North economic official is out of view
Pak Nam-gi, head of planning and economy at the ruling Workers’ Party, was last seen accompanying leader Kim Jong-il in early January. As an influential economic figure, Pak had often joined Kim on his field inspections of industrial sites. In 2009, Pak followed Kim on 77 occasions, the third-highest total among government officials.
Kim has continued to visit industrial bases, a move analysts here have said is designed to show his commitment to reviving the nation’s downtrodden economy. But Pak has been missing from Kim’s side.
Intelligence sources and government officials confirmed that Pak has not made recent trips with Kim.
“We understand Pak has not been visible for some time now,” a government source said. “But whether he has been fired is an entirely different matter. Unless someone else takes his post, we can’t say for sure.”
Local reports speculate that Pak was held accountable after the redenomination of the North Korean won in November caused inflation and even riots.
Pak was named to the Workers’ Party post in late 2004 and South Korean intelligence suspected he and Jang Song-thaek, another influential party member and brother-in-law of Kim Jong-il, pushed for the currency change last year.
Old bills were exchanged at the rate of 100 to one. The revaluation, the first such move in 17 years, was regarded as an attempt by the North government to take firmer control of the economy, curb inflation and halt underground free market activities.
North Korean human rights and defector groups have said the currency revaluation angered the public because people saw the value of their money plunge. And since the redenomination drove up the price of rice, many people have faced starvation.
In its newsletter, a human rights group called Good Friends quoted a Workers’ Party study as saying that in January, two people a day have been dying of hunger on average in Danchon, South Hamgyong, one of the most destitute regions in North Korea.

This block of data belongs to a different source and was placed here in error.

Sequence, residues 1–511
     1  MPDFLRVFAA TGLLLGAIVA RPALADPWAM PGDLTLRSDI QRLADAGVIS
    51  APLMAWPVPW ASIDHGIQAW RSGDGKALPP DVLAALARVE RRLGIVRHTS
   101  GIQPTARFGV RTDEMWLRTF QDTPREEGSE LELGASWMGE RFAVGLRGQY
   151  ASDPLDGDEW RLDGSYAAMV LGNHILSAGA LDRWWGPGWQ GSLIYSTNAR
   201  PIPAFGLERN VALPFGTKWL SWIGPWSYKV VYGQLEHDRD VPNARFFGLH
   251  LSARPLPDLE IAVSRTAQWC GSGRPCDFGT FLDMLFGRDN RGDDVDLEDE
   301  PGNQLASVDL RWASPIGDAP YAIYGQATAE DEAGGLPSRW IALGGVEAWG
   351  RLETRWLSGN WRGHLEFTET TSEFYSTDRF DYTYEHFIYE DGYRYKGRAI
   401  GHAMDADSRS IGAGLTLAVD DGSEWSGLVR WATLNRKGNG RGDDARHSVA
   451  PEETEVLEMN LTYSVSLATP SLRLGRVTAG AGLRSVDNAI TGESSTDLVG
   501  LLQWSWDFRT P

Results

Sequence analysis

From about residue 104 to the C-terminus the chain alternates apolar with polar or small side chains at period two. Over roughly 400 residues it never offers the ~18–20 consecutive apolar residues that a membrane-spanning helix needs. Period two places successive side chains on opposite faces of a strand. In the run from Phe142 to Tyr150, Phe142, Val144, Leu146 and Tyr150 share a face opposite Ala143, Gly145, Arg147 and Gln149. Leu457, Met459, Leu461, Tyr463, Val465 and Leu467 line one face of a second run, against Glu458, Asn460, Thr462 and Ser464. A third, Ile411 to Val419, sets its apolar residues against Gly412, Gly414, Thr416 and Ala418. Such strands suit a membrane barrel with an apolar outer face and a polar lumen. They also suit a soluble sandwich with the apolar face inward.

“According to this study, people’s lives are in danger,” the newsletter read. “Merchants are especially in a dire situation because they’ve been prohibited from running their businesses.”
Good Friends also said the Ministry of the People’s Armed Forces held a meeting on Jan. 20, attended by commanders and other officials, to discuss securing provisions for the armed forces - an indication that even the North’s military is running out of rice.
North Korea Intellectuals Solidarity, a Seoul-based think tank, cited an anonymous source to report cases of physical confrontations between North Korean people and security personnel. In one instance, one civilian stripped a security guard of a firearm and fired several rounds. The guard was critically wounded.
Daily NK, an online news site covering North Korean affairs, said another guard on duty checking for illegal market activity was struck in the head by an unidentified person.
By Yoo Jee-ho [email@example.com]
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